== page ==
“I was starting to, yeah. I heard rumors that you went and moved to Iceland or something.”

“Ew, no.”

“Really? That’s all you have to say?”

“Nah. Actually, I think I’d rather be in Iceland right now than sitting here talking to your insufferable ass.”

More laughter. Jess smiled, satisfied. If there was one thing she was glad to have kept a part of herself, it was the ability to make Michael Munroe laugh.

“Wow. The queen bitch still hasn’t changed her colors, I see.”

The satisfaction faded, his words twisting in her gut like a blunt knife. Jess forced herself to laugh at that.

“Yeah, haha. Still lil’ ol’ me under all these meds.”

An awkward silence followed, and Jess had half a mind to hang up and go drown her sorrows in tequila until she forgot she ever called her old flame.

“Hey, Jess? You still there?”

“I am. Are you disappointed?”

“Wh-what? No. I’m not. It’s… it’s really good to hear your voice. Sorry. Did I say something?”

Yes. You said everything.

“No. It’s fine. I was just mulling over some things.”

“That’s good. How are you? Holding up okay? It’s just been a while and the last time we…” Mike’s voice faded away, and Jess realized he was too afraid to say what she’d been thinking about so deeply the last two years. She bit her lip.

“I know. I wasn’t in a good place, then, Mike. I’m trying really hard this time, though, okay? Like, I wanna fix it. I wanna fix myself.”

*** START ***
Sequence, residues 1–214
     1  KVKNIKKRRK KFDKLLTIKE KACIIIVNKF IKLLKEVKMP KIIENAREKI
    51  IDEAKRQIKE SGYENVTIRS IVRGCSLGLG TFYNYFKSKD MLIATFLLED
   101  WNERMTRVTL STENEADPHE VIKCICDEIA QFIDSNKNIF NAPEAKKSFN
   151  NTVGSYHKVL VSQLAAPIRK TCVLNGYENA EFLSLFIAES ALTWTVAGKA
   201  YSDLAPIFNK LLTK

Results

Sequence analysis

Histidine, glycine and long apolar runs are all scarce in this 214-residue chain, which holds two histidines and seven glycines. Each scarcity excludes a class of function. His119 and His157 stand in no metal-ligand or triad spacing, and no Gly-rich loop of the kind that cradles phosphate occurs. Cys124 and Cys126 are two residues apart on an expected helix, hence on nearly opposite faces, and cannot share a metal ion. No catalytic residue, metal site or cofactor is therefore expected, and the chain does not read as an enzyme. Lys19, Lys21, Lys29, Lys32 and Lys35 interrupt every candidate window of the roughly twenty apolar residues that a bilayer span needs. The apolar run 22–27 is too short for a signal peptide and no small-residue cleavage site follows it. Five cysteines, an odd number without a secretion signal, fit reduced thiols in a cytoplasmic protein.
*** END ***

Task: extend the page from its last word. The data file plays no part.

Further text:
She could almost hear Mike frowning into the speaker, looking at the missing fingers on his hand as he waited for Jess to say more. She didn’t. He spoke quietly.

“Thanks for telling me, Jessica.”

“Well… You’re welcome.”

Jess wanted to hang up, she realized, but something in her head pushed her to talk more to the guy on the other end of the line. She coughed.

“Hey, uh, Mike? It’s been awhile since we’ve hung out, yanno? Just us?” She paused. “I was wondering… hoping, really, that you might want to get lunch with me or something? As two friends that haven’t spoken in a long time and need to get some closure, you know.” Nothing less, nothing more.

Mike was quiet again, and Jess pressed her ear harder against the receiver, listening intently for his quiet breathing and the quiet babbling of his television set.

“Sure. How does Sunday sound? Remember that little diner we all used to like so much? Let’s say, eleven-ish?”

Jess felt the weight of two years of nightmares and days spent alone lift a smidge, causing her heart to palpitate rapidly in her chest as her lips broke into a wide grin and she agreed to the plans with eagerness, hanging up and dropping the phone on the table in a wave of glee. Mike always came through for her, Jess realized, remembering the way he ran to her when the helicopters landed, wrapping his arms around her small frame in a tight embrace and spinning her, his voice coming out hoarse and in-between sobs as he broke down into her shoulder. She remembered not being able to feel anything in that moment, her chest feeling weightless and dead as he gripped her in his arms. She had wanted to thank him, to hug him back, to cry and kiss him and tell Mike that she loved him.

But those things don’t just come easy to people when they feel like they want to die.

The numbness in her fingers came back as Jess stared down at the phone, remembering every line of her conversation with Michael and soaking it in, desperate to keep that moment in her memory, that one little reminder that Jess was healing and it was okay to get closure from people she thought she hated.

She pressed her face into her hands, feeling wetness between her fingers as she broke down into tears, sadness and happiness tumbling through her like she was in a washing machine, steady and consistent and so very appreciative.

Jess realized, with giddiness, that Dr. Theresa Hawthorne was onto something about Jess and needing to heal.

The first step was closure.